The Tweed Forum, who has looked after the River Tweed for the past 25 years, is celebrating its silver anniversary by introducing a special River Champion Award.
Over that time it has been responsible for the protection and enhancement of the River Tweed’s 5,000sqkm catchment area, working with farmers, foresters, landowners, ghillies and public and private sector bodies on both sides of the border.
This partnership approach has led to the planting of over 300,000 trees, created over 120 ponds and wetlands, enhanced around 300 km of river, restored over 20 listed buildings and scheduled ancient monuments and enabled the management over 10,000 hectares of woodland, wetland and heather moorland.
The benefits include cleaner, fresher water, an enhanced landscape, increased resilience against extreme events such as flooding and drought, the protection and enhancement of fish stocks, the capture and storage of greenhouse gases and increased tourism and recreation opportunities.
Tweed Forum’s partnership approach to the management of the river led to UNESCO recognition in 2009, the receipt of the first UK Rivers Prize in 2015, and invitations from across the world to explain how the partnership works in practice.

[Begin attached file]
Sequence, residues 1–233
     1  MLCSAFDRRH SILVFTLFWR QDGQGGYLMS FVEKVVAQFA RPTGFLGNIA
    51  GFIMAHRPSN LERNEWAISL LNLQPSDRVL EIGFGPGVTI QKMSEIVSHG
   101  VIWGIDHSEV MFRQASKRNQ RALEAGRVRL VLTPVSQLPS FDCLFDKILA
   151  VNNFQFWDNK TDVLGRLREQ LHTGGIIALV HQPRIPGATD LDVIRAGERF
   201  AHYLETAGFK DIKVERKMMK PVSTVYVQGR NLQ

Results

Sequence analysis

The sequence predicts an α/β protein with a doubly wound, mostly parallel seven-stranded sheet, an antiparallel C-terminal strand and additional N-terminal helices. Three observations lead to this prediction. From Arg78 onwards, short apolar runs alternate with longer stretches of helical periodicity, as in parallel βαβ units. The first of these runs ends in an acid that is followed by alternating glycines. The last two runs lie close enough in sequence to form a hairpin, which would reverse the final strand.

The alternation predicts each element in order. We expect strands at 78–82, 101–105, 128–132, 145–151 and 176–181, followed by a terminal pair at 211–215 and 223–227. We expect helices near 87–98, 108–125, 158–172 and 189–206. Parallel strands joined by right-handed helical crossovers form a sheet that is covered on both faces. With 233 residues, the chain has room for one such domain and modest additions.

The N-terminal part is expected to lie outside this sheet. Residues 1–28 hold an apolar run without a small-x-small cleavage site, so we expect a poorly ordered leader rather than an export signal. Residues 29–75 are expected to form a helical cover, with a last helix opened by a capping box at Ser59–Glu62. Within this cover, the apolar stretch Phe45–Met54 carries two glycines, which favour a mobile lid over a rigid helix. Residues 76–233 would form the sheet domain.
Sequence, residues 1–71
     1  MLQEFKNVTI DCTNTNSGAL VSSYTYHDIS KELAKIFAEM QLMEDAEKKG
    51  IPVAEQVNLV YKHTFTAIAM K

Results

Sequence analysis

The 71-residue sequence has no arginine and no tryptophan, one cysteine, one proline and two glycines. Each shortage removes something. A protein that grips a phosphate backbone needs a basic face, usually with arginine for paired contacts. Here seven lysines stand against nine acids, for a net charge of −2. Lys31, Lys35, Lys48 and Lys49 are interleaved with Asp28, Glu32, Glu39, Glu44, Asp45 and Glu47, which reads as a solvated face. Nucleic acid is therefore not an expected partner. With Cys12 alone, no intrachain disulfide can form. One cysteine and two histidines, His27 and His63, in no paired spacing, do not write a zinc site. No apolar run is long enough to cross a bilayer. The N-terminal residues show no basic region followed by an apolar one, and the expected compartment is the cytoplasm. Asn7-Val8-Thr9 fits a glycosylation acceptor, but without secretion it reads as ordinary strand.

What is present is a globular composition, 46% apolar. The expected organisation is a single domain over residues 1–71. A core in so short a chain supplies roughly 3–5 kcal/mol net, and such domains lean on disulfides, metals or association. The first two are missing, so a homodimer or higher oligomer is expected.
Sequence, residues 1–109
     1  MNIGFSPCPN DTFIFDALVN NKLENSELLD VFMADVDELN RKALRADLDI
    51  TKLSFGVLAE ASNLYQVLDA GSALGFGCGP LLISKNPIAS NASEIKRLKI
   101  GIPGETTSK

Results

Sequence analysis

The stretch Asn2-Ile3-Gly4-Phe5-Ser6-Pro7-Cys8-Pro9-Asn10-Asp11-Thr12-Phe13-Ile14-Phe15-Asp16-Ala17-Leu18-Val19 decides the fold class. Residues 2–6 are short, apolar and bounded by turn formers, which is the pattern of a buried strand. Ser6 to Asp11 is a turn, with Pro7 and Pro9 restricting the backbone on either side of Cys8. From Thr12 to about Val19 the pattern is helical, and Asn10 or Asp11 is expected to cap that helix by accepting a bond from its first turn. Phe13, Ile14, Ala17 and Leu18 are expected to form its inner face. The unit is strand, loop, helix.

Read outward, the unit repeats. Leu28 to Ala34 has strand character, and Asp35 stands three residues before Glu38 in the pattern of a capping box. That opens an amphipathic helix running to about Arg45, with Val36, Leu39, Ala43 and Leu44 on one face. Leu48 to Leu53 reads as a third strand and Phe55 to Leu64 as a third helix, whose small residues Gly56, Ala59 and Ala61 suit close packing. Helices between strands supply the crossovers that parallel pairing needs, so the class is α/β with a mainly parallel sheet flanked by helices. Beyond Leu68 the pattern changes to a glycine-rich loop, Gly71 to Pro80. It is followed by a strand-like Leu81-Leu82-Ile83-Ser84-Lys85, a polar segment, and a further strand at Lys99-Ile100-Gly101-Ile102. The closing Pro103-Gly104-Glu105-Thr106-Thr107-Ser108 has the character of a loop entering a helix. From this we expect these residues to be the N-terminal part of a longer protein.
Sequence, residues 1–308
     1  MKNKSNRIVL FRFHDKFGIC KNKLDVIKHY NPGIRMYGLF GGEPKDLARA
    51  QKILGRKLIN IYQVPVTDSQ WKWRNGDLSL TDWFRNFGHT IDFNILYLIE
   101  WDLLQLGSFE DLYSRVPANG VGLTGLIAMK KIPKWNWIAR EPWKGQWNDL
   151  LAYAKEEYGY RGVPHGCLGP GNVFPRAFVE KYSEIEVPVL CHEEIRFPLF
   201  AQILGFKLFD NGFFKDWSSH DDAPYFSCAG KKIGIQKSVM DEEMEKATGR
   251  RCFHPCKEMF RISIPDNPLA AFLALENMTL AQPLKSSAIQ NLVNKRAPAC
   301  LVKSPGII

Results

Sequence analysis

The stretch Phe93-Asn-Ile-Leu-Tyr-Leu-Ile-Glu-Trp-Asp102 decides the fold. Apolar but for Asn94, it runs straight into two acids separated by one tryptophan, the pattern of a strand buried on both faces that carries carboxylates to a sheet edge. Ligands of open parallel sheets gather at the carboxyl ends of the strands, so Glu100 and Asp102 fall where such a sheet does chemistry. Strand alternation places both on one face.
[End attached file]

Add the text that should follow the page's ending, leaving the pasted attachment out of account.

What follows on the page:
The new River Champion Award aims to showcase the diversity of ways that people are working to preserve one of the country’s most precious assets and reward an individual who has made an outstanding contribution to the cause.
Luke Comins, director of Tweed Forum said: “The protection and enhancement of the Tweed’s land and waters relies on the collective efforts of a large and diverse range of people, all of whom share our aims and aspirations to conserve, enhance and raise awareness of the natural, built and cultural heritage of the Tweed.
“Our new Tweed Forum River Champion Award is an opportunity for us to recognise the often unsung role they play. We will be inviting applications for the award in the coming months and announcing the winner towards the end of this, our special anniversary year.”
The Tweed Forum began in 1991 when the River Purification Board, Tweed Commissioner and Nature Conservancy Council met to discuss a single issue – removal of gravel in a river channel. Today it is a major player, advising government and environmental agencies on the implications of policies to improve wetland environments and to sustain farming.
James Hepburne Scott, chairman of Tweed Forum said; “An organisation formed to solve a single problem 25 years ago has grown to be one of the most recognised river trusts, not just in the UK, but globally.”